Tahoe Environmental Research Center boat captain Brant Allen conducting a Secchi depth measurement (Credit: Geoff Schladow)
Lake Tahoe is one of the clearest lakes in the United States, helped by the relatively small size of its surrounding watershed and the granitic basin it sits in.
Around 1968, the first year that its clarity was measured by Secchi disk, Tahoe’s blue waters were even clearer than they are today. Measurements at that time show an average yearly clarity of more than 100 feet. But such clarity was never reported again as its waters began a decline that lasted well into the 1990s.
At that point, the decline of average annual clarity measurements leveled out and stabilized, which is better news than it sounds. According to measurements taken by scientists at University of California, Davis, the trend of stable clarity for Lake Tahoe is continuing, and they report a 2013 average clarity of 70.1 feet.
“There are very few lakes that have clarity like Lake Tahoe,” said Geoff Schladow, director of the Tahoe Environmental Research Center at UC Davis. “The only one that comes to mind is Crater Lake, but that one’s in a national park.”
Lake Tahoe’s surroundings are different, and unlike the untouched clearness of Crater Lake, Tahoe’s water is affected by erosion from urban areas. Its surrounding basin is impervious granite, so runoff that is typically absorbed by soil around other lakes makes its way into Lake Tahoe.
But Schladow says the problem of erosion is a bigger concern for clarity than runoff. Airborne inorganic particles like clay and silt, often flung up by cars, make their way in and make the water murkier. Small phytoplankton also contribute to minimized clarity.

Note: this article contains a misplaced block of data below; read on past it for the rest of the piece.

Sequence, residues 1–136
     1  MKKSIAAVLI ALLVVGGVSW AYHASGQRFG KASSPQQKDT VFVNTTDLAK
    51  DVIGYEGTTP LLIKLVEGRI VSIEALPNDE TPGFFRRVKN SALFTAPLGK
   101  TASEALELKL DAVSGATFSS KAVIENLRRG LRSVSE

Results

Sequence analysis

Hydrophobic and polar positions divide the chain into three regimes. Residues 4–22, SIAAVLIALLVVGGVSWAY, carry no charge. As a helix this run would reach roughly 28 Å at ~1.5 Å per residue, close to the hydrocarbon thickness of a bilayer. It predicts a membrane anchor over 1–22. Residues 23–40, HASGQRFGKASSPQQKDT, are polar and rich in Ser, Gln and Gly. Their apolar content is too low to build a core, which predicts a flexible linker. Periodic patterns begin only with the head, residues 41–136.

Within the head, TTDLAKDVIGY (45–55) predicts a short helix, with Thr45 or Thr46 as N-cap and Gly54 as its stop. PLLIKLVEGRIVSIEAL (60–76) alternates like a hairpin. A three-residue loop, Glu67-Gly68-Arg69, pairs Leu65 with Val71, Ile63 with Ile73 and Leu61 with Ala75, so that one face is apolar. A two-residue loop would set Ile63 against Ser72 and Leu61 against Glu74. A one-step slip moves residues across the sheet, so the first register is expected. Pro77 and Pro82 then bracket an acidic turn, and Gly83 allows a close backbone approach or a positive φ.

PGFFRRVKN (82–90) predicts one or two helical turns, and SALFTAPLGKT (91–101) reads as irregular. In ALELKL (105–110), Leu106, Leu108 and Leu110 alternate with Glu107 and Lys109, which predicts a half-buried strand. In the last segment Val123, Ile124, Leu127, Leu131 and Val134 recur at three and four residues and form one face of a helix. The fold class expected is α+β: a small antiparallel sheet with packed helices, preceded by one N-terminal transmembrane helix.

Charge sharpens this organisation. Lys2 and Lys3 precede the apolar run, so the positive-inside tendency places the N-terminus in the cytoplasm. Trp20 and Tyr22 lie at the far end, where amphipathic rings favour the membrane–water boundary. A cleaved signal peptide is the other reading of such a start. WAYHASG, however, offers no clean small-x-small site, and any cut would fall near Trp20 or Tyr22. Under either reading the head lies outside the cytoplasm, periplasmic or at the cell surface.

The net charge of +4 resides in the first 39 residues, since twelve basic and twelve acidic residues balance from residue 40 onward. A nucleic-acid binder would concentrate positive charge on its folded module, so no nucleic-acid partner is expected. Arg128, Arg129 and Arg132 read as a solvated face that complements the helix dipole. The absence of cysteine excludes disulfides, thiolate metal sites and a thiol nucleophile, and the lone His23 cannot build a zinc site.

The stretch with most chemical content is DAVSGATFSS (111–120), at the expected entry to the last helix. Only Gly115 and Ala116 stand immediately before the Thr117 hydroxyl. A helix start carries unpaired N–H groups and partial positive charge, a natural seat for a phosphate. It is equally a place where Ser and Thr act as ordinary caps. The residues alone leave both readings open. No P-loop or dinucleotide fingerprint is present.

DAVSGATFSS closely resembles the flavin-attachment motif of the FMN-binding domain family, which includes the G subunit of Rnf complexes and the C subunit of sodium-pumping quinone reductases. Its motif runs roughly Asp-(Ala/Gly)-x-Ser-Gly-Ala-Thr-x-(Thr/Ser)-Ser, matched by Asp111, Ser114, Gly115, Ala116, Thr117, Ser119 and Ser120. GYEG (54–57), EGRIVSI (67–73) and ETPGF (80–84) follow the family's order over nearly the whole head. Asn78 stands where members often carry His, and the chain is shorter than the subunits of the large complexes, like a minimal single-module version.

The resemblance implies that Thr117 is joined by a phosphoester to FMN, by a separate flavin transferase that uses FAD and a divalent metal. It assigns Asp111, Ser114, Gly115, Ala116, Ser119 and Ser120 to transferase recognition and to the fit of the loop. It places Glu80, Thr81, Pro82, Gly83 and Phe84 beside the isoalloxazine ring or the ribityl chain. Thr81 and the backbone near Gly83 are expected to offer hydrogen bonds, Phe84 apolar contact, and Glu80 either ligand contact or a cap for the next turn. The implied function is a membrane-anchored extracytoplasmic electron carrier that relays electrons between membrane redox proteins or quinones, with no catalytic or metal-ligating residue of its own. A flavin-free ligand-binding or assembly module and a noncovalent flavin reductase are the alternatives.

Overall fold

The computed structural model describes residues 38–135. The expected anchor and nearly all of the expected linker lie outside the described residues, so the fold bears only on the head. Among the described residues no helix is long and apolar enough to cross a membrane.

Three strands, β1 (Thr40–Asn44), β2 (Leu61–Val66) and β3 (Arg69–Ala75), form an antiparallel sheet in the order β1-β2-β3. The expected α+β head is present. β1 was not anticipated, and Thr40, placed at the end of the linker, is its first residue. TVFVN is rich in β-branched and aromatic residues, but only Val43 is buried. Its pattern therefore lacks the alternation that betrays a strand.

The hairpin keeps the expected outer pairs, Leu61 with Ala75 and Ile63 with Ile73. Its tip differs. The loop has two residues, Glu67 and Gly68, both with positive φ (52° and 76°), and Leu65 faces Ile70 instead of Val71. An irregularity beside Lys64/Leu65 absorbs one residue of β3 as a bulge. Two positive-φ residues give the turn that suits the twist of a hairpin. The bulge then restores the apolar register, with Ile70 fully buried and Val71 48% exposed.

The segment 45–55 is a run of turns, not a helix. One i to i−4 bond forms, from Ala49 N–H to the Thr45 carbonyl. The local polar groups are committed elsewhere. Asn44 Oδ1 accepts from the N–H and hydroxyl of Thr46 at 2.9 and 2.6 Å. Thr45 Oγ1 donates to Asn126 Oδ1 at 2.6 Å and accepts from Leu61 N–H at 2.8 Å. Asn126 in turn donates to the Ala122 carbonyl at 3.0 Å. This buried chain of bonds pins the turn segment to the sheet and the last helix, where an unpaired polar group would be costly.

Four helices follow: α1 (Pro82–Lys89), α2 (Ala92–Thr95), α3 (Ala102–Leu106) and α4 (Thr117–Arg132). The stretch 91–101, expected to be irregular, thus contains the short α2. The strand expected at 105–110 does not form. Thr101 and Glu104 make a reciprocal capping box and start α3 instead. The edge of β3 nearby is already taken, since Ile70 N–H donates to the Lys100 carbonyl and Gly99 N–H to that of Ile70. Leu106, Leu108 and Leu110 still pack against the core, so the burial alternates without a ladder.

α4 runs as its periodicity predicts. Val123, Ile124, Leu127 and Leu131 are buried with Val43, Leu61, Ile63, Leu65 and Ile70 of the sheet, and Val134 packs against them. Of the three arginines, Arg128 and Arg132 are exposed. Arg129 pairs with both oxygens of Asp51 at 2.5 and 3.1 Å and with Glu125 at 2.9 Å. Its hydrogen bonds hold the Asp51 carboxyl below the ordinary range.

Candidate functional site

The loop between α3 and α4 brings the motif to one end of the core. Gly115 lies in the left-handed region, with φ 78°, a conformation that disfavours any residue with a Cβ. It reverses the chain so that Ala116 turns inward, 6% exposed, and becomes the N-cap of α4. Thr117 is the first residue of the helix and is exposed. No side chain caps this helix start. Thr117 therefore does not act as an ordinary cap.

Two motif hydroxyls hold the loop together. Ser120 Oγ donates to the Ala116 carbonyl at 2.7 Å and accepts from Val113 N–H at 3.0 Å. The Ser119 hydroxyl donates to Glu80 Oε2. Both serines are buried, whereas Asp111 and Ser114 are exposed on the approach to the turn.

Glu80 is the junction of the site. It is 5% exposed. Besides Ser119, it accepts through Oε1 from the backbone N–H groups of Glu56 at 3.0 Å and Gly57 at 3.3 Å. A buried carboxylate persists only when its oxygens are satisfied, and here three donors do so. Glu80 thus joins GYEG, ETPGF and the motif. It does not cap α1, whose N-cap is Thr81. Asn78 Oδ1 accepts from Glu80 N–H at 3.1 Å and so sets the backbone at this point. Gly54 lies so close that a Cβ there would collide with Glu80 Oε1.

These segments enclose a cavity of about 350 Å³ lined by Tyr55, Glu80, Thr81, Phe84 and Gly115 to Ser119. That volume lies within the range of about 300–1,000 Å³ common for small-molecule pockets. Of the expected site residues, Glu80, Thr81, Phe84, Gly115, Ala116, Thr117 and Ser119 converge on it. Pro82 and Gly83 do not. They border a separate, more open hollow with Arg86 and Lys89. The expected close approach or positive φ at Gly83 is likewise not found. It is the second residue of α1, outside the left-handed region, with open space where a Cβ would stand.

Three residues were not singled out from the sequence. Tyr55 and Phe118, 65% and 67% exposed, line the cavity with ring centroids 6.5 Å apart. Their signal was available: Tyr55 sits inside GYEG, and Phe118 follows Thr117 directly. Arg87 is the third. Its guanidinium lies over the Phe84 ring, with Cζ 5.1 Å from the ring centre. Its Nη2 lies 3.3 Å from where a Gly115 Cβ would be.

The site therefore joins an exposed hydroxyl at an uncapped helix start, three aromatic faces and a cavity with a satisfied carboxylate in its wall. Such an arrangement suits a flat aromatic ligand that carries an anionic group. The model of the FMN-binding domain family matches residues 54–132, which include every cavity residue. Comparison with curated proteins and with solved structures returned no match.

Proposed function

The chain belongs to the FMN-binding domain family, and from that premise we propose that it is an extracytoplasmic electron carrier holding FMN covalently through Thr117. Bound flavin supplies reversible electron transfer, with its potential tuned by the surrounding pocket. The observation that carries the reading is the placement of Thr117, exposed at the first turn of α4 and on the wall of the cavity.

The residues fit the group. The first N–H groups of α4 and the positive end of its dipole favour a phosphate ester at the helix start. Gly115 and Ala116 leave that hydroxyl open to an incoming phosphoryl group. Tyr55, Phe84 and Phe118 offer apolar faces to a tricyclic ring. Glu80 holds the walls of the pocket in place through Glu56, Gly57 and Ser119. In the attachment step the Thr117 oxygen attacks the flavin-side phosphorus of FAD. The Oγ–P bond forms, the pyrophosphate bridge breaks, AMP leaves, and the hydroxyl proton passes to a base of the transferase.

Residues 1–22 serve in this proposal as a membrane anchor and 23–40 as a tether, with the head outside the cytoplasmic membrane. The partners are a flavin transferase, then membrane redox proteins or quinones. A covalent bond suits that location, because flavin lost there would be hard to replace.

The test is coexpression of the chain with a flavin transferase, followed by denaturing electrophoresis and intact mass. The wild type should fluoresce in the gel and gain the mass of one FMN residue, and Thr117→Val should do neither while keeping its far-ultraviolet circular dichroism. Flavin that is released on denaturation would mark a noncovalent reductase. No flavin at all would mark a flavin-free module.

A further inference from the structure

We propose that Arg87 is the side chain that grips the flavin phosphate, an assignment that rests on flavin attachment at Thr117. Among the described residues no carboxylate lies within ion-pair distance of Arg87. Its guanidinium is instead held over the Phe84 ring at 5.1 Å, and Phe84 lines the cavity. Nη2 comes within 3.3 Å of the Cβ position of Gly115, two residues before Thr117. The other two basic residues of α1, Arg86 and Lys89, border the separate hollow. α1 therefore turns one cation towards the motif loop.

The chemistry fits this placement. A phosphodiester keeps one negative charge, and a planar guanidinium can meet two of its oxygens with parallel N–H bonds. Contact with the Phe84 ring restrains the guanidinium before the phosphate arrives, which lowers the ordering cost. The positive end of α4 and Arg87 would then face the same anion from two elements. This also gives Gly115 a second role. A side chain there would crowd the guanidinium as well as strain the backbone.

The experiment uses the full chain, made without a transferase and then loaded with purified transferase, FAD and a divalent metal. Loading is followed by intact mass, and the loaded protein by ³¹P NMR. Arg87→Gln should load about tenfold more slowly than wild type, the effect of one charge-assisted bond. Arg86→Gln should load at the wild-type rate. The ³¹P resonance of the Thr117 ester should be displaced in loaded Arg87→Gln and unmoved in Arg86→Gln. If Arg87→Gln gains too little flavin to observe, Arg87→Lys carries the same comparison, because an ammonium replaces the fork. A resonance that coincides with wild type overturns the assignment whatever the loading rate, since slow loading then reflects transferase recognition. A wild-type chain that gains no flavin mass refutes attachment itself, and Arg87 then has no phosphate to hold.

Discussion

The water’s cloudiness is measured by Secchi disk measurements, but is also tracked by PAR sensors that measure light attenuation. Schladow and others also measure light’s backscatter through Tahoe’s wake.
But the No. 1 way to measure clarity is still with a Secchi disk. This is because taking the measurement is simple, and also because clarity measurements with Secchi disks comprise the longest continual measurement that scientists have for Lake Tahoe.
“From 1968 to about 2000, it’s a pretty much straight-line decrease. But since 2000, clarity has more or less stabilized around the same levels,” said Schladow. “It’s neither getting worse or better, but the fact that it’s not getting worse is a huge achievement.”
Schladow says Secchi disk measurements are taken in two locations that usually yield similar readings. Clarity is a little lower in the summer, but that’s expected as there’s more dust in the air and more recreation on the water. In the winter months, clarity ticks up.
This same dependability on weather has been shown with ongoing drought conditions in California. Less rain has meant less runoff gets into Lake Tahoe, so clarity for the period has gone up.
But given long-term plans, Schladow says higher water levels expected when drought conditions subside won’t automatically mean less clarity for Lake Tahoe.
“Restoration efforts here are targeted at reducing fine particle and nutrient levels, regardless of weather conditions,” said Schladow. “In time, we hope we can have a wet year with low impact on water clarity.”
Top image: Tahoe Environmental Research Center boat captain Brant Allen conducting a Secchi depth measurement (Credit: Geoff Schladow)